Digital Scavenger Hunt

Let Families Decide

Bellingham Public Library, Bellingham, MA
Design Strategies
Encourage Conversation

This unique take on a scavenger hunt invites participating families to complete the tasks in their own time outside of the library.

Program Description

The Bellingham Public Library offers a different take on the traditional scavenger hunt. The Digital Scavenger Hunt is a program that tests the creativity of families. For each Digital Scavenger Hunt, there are a selected number of items or themes for families to find or create and take photographs of. These challenges are multi-outcome and purposely vague, such as “Something That Makes You Happy,” “What Stuffed Animals Do When We Are Sleeping,” and “Nature.” Families interpret each challenge in their own ways and take photographs that are relevant to them. Within the allotted amount of time (days or weeks), the participating families send in their photos via email, online sharing, or put them on a USB drive. At the end of the program, the librarians compile the photos and invite the families to the library to watch a slideshow of all the participants’ photographs.

Photo courtesy Bellingham Public Library

This is a multi-user program. Adults are involved in the scavenger hunt from a logistical sense (driving the family to a particular location, taking the photos and sending them in) and also in a creative sense (facilitating the discussion about ideas for solving the challenges, and posing for the photos taken by the kids). Conversation is a key part of this program since families need to discuss their game plan for meeting each challenge. The program is a great opportunity for families to create memories while working together on an unusual and fun task. One bonus is that after the scavenger hunt is over, the families have some great photographic evidence of all the fun they had. Librarians hope that the Digital Scavenger Hunt is a jumping off point for families to seek out activities that promote family bonding and relationship-building on their own.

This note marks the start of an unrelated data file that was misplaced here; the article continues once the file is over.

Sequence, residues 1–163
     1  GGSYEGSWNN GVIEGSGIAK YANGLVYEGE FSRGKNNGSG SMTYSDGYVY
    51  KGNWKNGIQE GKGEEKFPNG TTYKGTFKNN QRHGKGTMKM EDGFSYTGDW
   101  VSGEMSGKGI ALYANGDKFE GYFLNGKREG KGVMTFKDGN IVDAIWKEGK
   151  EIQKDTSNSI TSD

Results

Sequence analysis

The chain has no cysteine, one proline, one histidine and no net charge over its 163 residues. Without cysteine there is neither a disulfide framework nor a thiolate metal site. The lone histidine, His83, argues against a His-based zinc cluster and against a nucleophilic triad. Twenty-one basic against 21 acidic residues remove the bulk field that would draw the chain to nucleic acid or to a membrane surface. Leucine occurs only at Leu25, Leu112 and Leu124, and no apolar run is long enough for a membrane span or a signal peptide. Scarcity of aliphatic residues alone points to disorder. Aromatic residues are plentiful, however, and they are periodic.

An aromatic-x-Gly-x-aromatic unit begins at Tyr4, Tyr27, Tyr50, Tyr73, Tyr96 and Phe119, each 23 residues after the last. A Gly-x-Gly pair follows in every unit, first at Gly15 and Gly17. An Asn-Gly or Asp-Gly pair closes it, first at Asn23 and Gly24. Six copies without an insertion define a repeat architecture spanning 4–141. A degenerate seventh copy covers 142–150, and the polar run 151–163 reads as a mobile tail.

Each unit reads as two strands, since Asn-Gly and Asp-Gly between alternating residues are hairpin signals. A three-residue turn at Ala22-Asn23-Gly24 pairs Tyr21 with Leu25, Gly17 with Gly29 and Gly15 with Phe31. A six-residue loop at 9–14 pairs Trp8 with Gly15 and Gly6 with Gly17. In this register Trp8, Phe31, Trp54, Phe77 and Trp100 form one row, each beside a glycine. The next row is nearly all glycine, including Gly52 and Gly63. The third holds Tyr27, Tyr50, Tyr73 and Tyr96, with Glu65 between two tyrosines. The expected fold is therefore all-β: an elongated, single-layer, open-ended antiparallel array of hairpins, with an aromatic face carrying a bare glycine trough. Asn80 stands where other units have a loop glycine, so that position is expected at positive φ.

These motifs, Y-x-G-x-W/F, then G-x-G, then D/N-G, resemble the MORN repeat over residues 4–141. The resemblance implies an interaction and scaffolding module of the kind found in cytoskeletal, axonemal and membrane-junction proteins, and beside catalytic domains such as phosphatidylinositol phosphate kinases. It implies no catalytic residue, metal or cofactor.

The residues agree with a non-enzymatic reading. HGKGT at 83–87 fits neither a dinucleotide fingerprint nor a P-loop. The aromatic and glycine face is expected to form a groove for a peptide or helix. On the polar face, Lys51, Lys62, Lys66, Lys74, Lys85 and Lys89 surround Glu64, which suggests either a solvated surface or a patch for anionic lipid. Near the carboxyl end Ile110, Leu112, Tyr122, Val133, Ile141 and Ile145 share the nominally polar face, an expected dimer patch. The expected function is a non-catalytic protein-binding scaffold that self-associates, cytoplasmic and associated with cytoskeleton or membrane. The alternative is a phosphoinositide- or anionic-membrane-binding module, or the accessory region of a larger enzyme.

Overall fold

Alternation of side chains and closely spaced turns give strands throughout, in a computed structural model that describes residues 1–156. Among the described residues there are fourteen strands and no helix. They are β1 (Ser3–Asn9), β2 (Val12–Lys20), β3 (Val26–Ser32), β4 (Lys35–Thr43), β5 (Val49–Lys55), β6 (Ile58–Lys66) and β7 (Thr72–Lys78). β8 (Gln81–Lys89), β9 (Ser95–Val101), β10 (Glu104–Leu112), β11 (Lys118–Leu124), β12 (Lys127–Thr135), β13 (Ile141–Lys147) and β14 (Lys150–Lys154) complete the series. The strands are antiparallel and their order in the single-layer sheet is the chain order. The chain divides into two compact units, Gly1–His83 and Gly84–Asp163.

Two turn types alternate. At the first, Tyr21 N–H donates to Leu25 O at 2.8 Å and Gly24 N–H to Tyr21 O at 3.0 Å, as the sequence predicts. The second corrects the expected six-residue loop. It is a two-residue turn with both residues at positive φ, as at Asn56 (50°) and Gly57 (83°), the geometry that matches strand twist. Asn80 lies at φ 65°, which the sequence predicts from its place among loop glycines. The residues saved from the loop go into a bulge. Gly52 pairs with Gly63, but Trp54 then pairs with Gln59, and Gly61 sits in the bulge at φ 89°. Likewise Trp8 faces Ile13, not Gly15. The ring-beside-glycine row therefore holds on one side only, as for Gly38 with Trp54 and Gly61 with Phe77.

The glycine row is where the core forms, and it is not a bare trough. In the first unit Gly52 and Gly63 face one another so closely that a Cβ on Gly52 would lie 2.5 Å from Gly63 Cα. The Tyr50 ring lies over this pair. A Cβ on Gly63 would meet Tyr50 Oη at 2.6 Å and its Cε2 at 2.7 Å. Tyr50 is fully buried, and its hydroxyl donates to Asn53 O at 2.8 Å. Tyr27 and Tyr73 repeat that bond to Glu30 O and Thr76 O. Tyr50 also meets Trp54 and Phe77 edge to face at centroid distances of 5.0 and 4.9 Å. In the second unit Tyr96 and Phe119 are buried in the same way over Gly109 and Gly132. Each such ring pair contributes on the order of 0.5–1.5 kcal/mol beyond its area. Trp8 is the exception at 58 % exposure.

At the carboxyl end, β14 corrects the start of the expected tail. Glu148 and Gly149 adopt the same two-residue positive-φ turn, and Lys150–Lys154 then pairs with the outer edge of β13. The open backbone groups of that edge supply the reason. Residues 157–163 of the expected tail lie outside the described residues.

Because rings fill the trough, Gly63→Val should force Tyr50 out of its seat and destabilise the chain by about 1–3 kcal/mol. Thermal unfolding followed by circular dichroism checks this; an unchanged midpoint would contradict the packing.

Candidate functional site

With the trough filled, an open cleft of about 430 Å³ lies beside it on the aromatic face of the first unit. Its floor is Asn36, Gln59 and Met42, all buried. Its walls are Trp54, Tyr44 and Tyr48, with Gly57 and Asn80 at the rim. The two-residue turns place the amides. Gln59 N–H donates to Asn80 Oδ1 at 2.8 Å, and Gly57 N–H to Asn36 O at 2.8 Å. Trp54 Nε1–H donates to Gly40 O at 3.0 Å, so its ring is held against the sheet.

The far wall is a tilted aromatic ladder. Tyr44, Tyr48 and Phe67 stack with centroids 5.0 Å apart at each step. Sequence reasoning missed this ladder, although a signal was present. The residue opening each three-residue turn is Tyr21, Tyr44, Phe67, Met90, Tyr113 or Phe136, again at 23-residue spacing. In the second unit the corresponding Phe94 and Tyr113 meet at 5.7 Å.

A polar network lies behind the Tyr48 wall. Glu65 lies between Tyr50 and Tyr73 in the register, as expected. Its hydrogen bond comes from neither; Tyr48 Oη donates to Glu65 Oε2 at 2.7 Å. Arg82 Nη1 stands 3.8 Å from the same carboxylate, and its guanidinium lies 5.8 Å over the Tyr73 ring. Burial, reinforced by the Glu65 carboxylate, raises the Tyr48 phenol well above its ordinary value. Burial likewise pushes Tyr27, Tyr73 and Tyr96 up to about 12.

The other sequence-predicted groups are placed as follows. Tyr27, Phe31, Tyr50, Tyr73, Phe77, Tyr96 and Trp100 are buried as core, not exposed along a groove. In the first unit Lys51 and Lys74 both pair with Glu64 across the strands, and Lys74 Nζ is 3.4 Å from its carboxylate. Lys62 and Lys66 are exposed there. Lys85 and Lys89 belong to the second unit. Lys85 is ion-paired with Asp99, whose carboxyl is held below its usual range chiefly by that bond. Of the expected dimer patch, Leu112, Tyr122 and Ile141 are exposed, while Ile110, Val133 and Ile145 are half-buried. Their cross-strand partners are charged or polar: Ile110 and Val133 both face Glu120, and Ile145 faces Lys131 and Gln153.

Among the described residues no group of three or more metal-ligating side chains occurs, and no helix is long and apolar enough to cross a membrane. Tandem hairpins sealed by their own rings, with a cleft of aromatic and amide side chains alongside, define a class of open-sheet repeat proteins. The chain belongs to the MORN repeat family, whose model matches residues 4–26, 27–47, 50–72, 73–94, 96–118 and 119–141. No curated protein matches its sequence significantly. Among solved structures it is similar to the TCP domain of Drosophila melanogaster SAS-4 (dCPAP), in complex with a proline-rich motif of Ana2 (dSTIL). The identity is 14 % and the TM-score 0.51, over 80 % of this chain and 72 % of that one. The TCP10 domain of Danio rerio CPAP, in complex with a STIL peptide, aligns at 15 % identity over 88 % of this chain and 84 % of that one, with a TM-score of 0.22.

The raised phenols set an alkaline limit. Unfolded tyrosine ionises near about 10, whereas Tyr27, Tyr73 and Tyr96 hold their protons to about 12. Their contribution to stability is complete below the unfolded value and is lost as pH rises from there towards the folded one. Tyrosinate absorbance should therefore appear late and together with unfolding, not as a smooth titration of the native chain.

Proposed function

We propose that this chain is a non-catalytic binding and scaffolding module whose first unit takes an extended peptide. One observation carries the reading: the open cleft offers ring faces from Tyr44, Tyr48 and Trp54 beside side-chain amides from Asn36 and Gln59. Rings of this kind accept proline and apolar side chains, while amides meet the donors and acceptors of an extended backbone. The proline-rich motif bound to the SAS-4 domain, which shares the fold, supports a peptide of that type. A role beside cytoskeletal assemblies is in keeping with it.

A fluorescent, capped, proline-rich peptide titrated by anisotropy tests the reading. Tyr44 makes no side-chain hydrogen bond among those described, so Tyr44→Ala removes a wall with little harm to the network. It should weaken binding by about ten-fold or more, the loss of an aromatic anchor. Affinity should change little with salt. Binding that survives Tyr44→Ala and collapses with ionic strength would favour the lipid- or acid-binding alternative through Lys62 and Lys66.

Registration and Facilitation

Families must register online to participate so the librarians can email them an information sheet with the challenges and rules. Families work independently, at their own pace to think of ways to meet each challenge, then take the appropriate photograph. The main catch is that someone in the family needs to be in each photo which promotes intergenerational interaction. Since this isn’t a traditional facilitated drop-in program, the role of staff is more behind-the-scenes, while the families are more active. Librarians come up with the Digital Scavenger Hunt challenges, promote the program, relay the information to the participants, send reminders of the deadline along the way, and compile the images into a slideshow to share. Families can stop by the library to learn about the program and see photos that other families took during previous scavenger hunts.

Tips and Advice

Librarians have done some prototyping of the amount of challenges for each scavenger hunt, and the amount of time the families have to complete them. Librarians have tried running the program over one month, two weeks, one week, and even one day. Because it can be a time commitment for families, librarians haven’t found the perfect combination yet. One piece of advice to keep in mind is that you have to be flexible and accessible to different families. There may be no perfect combination- what works for one family simply might not work for another family, and what is good for one community might not be good for another. Librarians at Bellingham Public Library believe it’s important to have as few rules as possible to encourage, rather than stymie, creativity. The only main rules for the Digital Scavenger Hunt are: 1.) for every picture, at least part of at least one family member must be visible, and 2.) have fun!


Special thanks to Steve Fowler, Youth Services Librarian at the Bellingham Public Library